There are no toilets, showers or access to drinking water within the campground. There are some toilets at the showground but we cannot confirm whether they are open for use by the public at anytime. There are a couple of bins for rubbish disposal which appear to be emptied regularly. If the bins are full take your rubbish with you to avoid feral animals spreading it and ruining a great campground. The local waste transfer station is only a short drive from the site.

Fire are permitted, it is best to use the existing fire spots within the campsites. Ensure that you check the current fire restriction status for the area before you go to the campground.

The water level of the Burke River varies considerably with the volume of rain from within the catchment. But when the water level is suitable it is a great location for a swim and the locals also pop down. Depending on the time of year there are also redclaw and fishing within the river.

We visited the campground in September and were warned by a couple of locals that some brown snakes had been spotted in the campground. We personally did not see any but it is important to keep in mind that they may be around.

Closest Services:
Petrol Station: Herbert Street, Boulia Qld.
Water: Herbert Street, Boulia Qld. (beside council building or in the park up the road)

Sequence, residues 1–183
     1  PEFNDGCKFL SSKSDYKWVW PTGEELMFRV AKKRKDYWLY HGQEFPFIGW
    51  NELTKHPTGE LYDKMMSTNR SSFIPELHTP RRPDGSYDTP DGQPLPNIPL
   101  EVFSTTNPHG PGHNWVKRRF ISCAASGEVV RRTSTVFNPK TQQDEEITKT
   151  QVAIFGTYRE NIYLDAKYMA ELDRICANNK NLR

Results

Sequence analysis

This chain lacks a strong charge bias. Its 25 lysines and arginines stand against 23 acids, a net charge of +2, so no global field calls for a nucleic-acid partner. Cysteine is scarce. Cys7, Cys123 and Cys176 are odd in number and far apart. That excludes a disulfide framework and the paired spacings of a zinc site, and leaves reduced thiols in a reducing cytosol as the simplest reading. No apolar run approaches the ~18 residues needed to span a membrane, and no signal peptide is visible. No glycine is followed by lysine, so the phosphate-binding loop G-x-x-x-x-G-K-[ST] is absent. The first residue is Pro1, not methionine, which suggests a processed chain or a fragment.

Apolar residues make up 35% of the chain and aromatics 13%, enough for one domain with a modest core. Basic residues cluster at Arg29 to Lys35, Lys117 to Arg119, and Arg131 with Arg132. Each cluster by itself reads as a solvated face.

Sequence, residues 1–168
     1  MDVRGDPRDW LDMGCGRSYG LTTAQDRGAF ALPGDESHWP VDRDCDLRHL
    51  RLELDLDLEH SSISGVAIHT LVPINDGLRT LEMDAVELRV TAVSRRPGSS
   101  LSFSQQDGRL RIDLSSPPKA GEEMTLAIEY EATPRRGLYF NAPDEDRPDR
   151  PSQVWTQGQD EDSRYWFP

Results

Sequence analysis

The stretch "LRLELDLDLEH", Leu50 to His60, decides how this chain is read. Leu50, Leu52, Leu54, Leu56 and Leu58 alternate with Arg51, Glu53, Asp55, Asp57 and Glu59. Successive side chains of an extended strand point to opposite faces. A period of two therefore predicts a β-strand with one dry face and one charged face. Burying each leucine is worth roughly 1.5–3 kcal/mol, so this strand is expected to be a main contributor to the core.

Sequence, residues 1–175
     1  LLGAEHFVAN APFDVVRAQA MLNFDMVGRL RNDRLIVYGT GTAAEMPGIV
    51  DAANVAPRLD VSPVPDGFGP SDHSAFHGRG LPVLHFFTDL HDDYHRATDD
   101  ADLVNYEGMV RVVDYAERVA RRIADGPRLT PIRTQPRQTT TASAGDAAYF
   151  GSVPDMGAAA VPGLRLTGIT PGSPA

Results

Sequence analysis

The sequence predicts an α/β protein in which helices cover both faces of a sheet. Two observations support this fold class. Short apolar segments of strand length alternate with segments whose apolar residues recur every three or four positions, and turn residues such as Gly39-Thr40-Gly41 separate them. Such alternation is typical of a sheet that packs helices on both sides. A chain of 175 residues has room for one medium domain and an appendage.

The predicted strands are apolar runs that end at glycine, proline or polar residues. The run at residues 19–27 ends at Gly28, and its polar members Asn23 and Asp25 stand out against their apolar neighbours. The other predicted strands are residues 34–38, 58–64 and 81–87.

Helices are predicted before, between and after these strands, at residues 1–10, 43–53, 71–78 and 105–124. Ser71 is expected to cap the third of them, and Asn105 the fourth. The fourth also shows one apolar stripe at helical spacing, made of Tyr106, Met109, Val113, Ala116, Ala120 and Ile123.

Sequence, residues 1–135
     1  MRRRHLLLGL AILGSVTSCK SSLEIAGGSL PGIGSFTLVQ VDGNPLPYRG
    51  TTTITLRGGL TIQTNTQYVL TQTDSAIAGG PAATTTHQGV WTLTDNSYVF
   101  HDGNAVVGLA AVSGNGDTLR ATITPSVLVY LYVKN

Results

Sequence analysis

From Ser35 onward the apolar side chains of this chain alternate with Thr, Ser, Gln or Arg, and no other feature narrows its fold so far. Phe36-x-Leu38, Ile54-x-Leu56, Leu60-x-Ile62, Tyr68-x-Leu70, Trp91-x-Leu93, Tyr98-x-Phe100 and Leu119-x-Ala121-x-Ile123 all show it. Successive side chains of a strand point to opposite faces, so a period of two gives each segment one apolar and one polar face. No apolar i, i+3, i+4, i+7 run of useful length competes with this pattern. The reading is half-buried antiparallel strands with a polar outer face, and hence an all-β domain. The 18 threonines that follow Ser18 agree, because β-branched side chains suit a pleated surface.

Chemical Toilet Dump Point: Hamilton Road, Boulia Qld.
Waste Transfer Station: Bedourie Road, Boulia Qld.
Container Exchange Point: Mount Isa, Qld. & Winton, Qld.


About The Area:

Boulia is part of channel country that passes through outback queensland. Given enough range the dry creek beds fill and water flows across state boards into places like Lake Eyre, Goyders Lagoon, and Coongie Lakes. These channels play a vital part in the cattle industry.

Once a year the sleepy town comes to life when it host the Melbourne Cup of Camel Races, the Great Australian Camel Race. The event draws people from all over the country to come take part in the event. But it is not just racing camels, it is racing lawn mowers & yabbies too. There is facinators, live music, fireworks and fun for the kids. And if that hasn't sold the event you camp onsite and enjoy a drink next to the campfire.

The more mysterious side of Boulia is the famous Min Min Lights. It is said that back in in 1918 a stockman was chased down by some mysterious floating lights near the site of the Min Min Hotel but by the time he got to the town of Boulia they had simply vanished. There are more recent accounts of the lights being seen but they aren't something everyone can go out to see, the Min Min Lights look for you.


Nearby Attractions:

Closest Tourist Information Centre: Herbert Street, Boulia Qld.
There is lots of things to have a look at and do in the Boulia area including:
- Min Min Lights Encounter
- Boulia Camel Races
- Boulia Hertitage Centre
- Min Min Hotel Site
- Old Police Barracks
- Corroboree Tree


Closest Town And Distance: Boulia, Qld. - 4.5km

What We Liked: It was great to be able to camp at a convient location on a river (with water) in the middle of the outback. Going for a swim and catching some redclaw was a great bonus.

What We Didn't Like: It is very common in places that you can have fires but there was so many existing fire sites, meaning that you had to set up on or nearly on some ashes. This could easily be fixed by people using existing firespots.

Photos: